The on-screen Start button has been retired, and the hardware Windows flag now takes you directly to a blocky homescreen.  Each app on the screen is dynamically represented, pulling in the user’s content and constantly shifting; the gallery icon, for instance, transitions through recent shots from the camera.  Microsoft contrasted it to the iPhone OS, where the extent of user app customization is rearranging the icon layout on their homescreen; Windows Phone 7, meanwhile, pushes up constant reminders of the user’s content.  Swiping to the right, however, gives instant access to the entire app list, again something prompted by user requests for easier access.  Microsoft have created six “hubs” – People, Pictures, Games, Music + Video, Marketplace and Office – which collate similarly themed content.  So, the Music + Video hub resembles the Zune HD UI, and if you install a media plugin, such as Pandora (which Microsoft also announced today), it will integrate in here.  The Games hub links in with a user’s Xbox Profile, and you can modify your profile, view those of others, and play games (though Microsoft haven’t announced a list of titles yet).  The People hub pulls in updates from across the phone and various linked services – though we only saw Windows Live and Facebook mentioned – and you can post your own updates and read those of others.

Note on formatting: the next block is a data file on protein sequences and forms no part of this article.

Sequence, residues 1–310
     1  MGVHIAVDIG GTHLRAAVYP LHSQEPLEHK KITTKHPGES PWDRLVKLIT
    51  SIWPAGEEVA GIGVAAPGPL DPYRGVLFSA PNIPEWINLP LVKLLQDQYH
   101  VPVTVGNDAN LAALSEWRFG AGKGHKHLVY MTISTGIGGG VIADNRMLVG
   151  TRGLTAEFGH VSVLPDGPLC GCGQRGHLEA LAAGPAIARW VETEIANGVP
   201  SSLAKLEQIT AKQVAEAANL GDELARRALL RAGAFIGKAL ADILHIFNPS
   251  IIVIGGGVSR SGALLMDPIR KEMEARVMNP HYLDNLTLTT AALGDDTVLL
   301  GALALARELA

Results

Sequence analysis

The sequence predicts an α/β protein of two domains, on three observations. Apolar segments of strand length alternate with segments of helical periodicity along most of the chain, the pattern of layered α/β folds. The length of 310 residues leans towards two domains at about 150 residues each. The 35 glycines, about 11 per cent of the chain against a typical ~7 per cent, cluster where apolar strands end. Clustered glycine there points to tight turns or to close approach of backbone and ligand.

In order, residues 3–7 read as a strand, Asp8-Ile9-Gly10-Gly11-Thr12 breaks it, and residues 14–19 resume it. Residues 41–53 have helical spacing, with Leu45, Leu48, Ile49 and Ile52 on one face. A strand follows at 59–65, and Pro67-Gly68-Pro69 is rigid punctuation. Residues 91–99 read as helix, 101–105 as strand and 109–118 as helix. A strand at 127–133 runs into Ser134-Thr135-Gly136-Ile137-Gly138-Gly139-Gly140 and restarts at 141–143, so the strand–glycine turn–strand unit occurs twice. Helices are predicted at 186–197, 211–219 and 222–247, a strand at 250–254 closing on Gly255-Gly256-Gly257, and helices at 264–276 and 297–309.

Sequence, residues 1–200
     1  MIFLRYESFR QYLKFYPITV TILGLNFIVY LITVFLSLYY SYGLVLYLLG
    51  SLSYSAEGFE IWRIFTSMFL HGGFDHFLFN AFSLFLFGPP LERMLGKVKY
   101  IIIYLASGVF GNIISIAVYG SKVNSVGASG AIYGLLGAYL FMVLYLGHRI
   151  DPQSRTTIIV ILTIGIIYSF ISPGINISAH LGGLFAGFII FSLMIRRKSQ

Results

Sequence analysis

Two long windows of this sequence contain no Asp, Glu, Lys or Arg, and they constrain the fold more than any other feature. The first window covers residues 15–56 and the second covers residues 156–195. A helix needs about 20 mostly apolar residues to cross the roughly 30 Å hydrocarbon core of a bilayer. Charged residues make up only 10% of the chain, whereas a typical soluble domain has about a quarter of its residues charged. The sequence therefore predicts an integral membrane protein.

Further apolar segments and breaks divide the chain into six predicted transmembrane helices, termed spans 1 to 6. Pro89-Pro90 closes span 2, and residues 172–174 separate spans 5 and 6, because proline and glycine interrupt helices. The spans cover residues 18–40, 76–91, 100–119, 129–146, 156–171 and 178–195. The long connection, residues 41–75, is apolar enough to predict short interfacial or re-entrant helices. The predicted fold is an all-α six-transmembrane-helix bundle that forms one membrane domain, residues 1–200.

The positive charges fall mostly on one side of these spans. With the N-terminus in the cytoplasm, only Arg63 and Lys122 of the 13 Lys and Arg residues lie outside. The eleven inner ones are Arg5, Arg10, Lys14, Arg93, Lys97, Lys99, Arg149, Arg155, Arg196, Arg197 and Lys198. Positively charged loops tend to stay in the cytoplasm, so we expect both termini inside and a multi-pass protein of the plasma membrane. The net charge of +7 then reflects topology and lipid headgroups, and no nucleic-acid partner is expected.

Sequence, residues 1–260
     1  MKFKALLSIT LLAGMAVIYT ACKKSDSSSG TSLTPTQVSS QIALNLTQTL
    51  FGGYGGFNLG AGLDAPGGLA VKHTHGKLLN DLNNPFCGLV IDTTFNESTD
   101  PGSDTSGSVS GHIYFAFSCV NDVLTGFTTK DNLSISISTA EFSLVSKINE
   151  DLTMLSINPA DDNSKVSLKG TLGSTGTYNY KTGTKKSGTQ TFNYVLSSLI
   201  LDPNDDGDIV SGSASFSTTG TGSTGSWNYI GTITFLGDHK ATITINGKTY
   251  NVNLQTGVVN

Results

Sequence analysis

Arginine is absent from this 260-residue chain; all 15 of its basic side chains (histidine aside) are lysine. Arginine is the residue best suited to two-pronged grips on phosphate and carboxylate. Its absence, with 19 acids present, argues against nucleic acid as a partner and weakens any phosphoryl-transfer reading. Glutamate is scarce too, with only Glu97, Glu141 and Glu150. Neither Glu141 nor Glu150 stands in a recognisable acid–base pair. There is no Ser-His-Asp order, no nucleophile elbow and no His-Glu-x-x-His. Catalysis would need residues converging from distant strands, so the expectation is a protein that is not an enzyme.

Microsoft are retiring not only their “Windows Mobile” nomenclature but ActiveSync and any other desktop sync app they’ve used in the past.  Instead, the Zune desktop manager software is being rolled-out worldwide, and that will be used to sync Windows Phone 7 devices.  Both wired and WiFi sync will be possible, which is long-overdue.

Confirmed carrier partners includes AT&T, Deutsche Telekom AG, Orange, SFR, Sprint, Telecom Italia, Telefónica, Telstra, T-Mobile USA, Verizon Wireless and Vodafone, while manufacturers Dell, Garmin-Asus, HTC, HP, LG, Samsung, Sony Ericsson, Toshiba and Qualcomm are on-board.  Those partners won’t be able to change the onscreen QWERTY keyboard – which is one of seven layouts (including numeric) Microsoft have developed – but they will be able to add on a hardware QWERTY.  For the moment, since Microsoft have screen aspect ratio specifications, they’ll have to be landscape rather than portrait QWERTY devices, too.  In the display units Microsoft showed us, the accelerometer wasn’t working properly, but final devices will flip automatically between portrait and landscape on-screen keyboard layouts.